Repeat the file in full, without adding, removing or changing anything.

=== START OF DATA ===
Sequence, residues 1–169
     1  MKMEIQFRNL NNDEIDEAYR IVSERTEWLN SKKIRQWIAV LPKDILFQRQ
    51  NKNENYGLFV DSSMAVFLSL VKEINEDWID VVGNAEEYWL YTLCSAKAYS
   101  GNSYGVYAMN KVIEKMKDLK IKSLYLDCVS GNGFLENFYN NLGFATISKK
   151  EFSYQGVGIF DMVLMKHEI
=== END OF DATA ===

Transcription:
Sequence, residues 1–169
     1  MKMEIQFRNL NNDEIDEAYR IVSERTEWLN SKKIRQWIAV LPKDILFQRQ
    51  NKNENYGLFV DSSMAVFLSL VKEINEDWID VVGNAEEYWL YTLCSAKAYS
   101  GNSYGVYAMN KVIEKMKDLK IKSLYLDCVS GNGFLENFYN NLGFATISKK
   151  EFSYQGVGIF DMVLMKHEI